Wout van Aert and his summer-shaping setback

A delayed start to summer that includes Tour de France, Olympics, world championships and Paris-Roubaix may be best bad news van Aert ever had.

Photo: Dion Kerckhoffs - Pool/Getty Images

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Wout van Aert‘s decision to bypass this week’s Critérium du Dauphiné may prove the best “DNS” of his career.

Heading into a summer schedule set to include the Tour de France, Olympic Games, a challenge at the world championships, and Paris-Roubaix, a late training setback could see van Aert roaring into form right on time to score a rainbow jersey on home roads.

Van Aert scrapped his planned participation at the Dauphiné this week after surgery for appendicitis put his training on pause and left him scrambling for form through June. Like Jumbo-Visma teammate Primož Roglič, van Aert will not race before the Tour de France as the duo instead trains their way into race shape at a series of altitude camps.

Also read: Van Aert squeezes brakes on yellow jersey ambition

With a three-month spell of top-tier targets ahead of him, van Aert was downbeat at his own form when speaking with Het Nieuwsblad recently.

“Our entire Tour team is in the Sierra Nevada and I am by far the weakest here,” Van Aert said last week.

“In principle, I can achieve a good level of form through training and altitude training, but it is uncertain what level I will be able to reach. Every day I’m trying to push my limits, without forcing it.”

The late-season is long for Van Aert this year, with the rescheduled Paris-Roubaix pushed all the way back to October 3. The problem for him is that there’s no room for a slow start.

Two punchy uphill finishes conclude the first two stages of Brittany’s Grand Départ of the Tour de France later this month. Van Aert’s dream of trading a yellow Jumbo-Visma jersey for the yellow of race-leader may have been torpedoed by his ailing appendix.

“The original plan was to get to my best form after the Dauphiné and be on top from the first Tour week,” he said. “I had made a big goal of the yellow jersey in the first week, I’m afraid this is no longer realistic.”

But a small setback now may pay dividends in the very near future.

A slow summer may serve for an awesome autumn

It has now been two months since van Aert pinned on a number before racing to glory at Amstel Gold, and he said he felt he had to totally “start from scratch” when he finally resumed training after his appendectomy.

But Jumbo-Visma brass obviously isn’t overly concerned about sending its top assets into competition cold. The team is so confident in its own intelligence that it plans to send Roglič to the Tour off the back of a three-month layoff.

Who needs racing anyway?

“We won’t mimic a Dauphiné by mimicking racing every day for eight days long [at training camps],” team coach Mathieu Heijboer told VeloNews last month.

“But the advantage of just doing training sessions instead of racing before the Tour is that we are able to control the volume and the intensity. We can pick very well the intensities that we want to hit, we avoid risks. It works.”

Rather than adding junk fatigue and the risk of crashing in eight days of the Dauphiné, Jumbo-Visma can focus on van Aert’s fitness to have him peak right when they want him to.

And the most likely result is that Wout’s motor will be running fine come June 26.

And if not, this year’s Grand Départ is far from van Aert’s one chance to realize his yellow jersey dream given the frequency of sprints and time trials that open the race.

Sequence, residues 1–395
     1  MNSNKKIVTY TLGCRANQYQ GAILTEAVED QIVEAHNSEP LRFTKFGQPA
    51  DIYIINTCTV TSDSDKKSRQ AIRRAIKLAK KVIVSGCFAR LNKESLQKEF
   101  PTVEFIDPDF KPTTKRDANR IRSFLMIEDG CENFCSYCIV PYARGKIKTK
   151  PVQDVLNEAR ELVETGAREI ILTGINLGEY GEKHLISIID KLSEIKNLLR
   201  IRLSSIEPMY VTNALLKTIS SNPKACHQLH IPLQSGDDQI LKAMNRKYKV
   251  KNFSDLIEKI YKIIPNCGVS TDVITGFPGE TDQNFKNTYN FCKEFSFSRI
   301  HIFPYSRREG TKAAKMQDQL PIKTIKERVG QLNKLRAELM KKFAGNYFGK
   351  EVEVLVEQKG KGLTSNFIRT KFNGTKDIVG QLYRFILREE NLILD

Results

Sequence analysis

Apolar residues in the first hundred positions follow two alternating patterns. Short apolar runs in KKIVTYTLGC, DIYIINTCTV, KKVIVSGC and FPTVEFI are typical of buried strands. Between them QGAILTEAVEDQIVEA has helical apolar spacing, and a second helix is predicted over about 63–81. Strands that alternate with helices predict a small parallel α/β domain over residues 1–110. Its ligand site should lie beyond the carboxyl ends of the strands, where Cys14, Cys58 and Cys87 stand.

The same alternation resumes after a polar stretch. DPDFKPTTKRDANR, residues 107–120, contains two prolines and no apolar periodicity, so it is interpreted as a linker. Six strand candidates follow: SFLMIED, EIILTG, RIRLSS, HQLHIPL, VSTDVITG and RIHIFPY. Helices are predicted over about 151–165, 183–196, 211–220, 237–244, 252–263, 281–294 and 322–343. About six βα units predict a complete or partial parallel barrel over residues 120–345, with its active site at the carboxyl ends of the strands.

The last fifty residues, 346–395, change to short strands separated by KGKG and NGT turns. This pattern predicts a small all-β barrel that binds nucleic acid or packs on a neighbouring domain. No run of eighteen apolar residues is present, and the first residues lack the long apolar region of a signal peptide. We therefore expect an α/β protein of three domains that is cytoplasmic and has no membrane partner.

A short, flat stage 1 time trial through Copenhagen next year hands van Aert a second chance at the very first opportunity, but his ambitious autumn may be a true once-in-a-lifetime opening.

After an underdog tilt at Olympic time trial gold, the cobbled world champs and rescheduled Paris-Roubaix are the true jewels in van Aert’s far-reaching season.

Earlier this year, van Aert said that the Flanders worlds are his be-all for 2021, where a Ronde-esque route offers him a unique opportunity to take the rainbow jersey on home roads. And falling just one week after the worlds, the pavé of an October Paris-Roubaix marks the opportunity for the 26-year-old to finish his season with a potentially palmarès topping double.

Also read: Van Aert eyes rainbow jersey on home roads 

If anything, bypassing the Dauphiné may be a blessing in disguise.

A clear run into the Tour on fresh legs should leave him the final drops of gas in the tank he needs for his cobbled autumn – and he knows it.

“I’m sure I’ll be top after the Tour,” he said “I am not at all worried about Tokyo and the autumn, with the world championships and Paris-Roubaix.”

Rumors of Laporte’s arrival cements van Aert’s slot at the center of the team

However van Aert’s stacked summer pans out, it’s clear that his position at the center of Jumbo-Visma alongside Roglič and Tom Dumoulin isn’t under any pressure.

Recent rumors have linked promising puncheur and cobbles-basher Christophe Laporte to Jumbo-Visma for 2022, an arrival signposting both the team’s growing ambition but also its dedication to van Aert. Dutch outlet Wielierflits reported this week that the Frenchman would come on board in 2022 to act as a key wingman for van Aert in the classics.

Also read: What made Wout van Aert stay with Jumbo-Visma

When the Belgian signed his three-year contract extension earlier this year, Jumbo-Visma promised him fresh artillery to add heft to his classics ambitions. A Laporte-shaped superdomestique would see them coming good on that promise.

Will Wout come away with a yellow jersey, Olympic medal, world title, and Roubaix victory some four months from now?

Any or all of them are a big possibility.

But either way, van Aert isn’t going to be out of the headlines for some time yet.

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